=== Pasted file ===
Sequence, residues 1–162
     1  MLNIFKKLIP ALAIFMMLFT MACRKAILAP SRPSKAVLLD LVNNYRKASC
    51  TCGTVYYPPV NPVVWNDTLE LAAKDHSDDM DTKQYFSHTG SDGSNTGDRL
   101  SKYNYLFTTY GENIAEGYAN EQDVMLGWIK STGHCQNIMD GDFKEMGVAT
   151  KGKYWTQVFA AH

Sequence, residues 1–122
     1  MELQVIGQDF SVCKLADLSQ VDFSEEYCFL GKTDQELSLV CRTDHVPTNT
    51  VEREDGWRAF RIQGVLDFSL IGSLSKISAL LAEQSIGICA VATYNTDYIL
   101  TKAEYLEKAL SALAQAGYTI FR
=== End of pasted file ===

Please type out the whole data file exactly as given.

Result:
Sequence, residues 1–162
     1  MLNIFKKLIP ALAIFMMLFT MACRKAILAP SRPSKAVLLD LVNNYRKASC
    51  TCGTVYYPPV NPVVWNDTLE LAAKDHSDDM DTKQYFSHTG SDGSNTGDRL
   101  SKYNYLFTTY GENIAEGYAN EQDVMLGWIK STGHCQNIMD GDFKEMGVAT
   151  KGKYWTQVFA AH

Sequence, residues 1–122
     1  MELQVIGQDF SVCKLADLSQ VDFSEEYCFL GKTDQELSLV CRTDHVPTNT
    51  VEREDGWRAF RIQGVLDFSL IGSLSKISAL LAEQSIGICA VATYNTDYIL
   101  TKAEYLEKAL SALAQAGYTI FR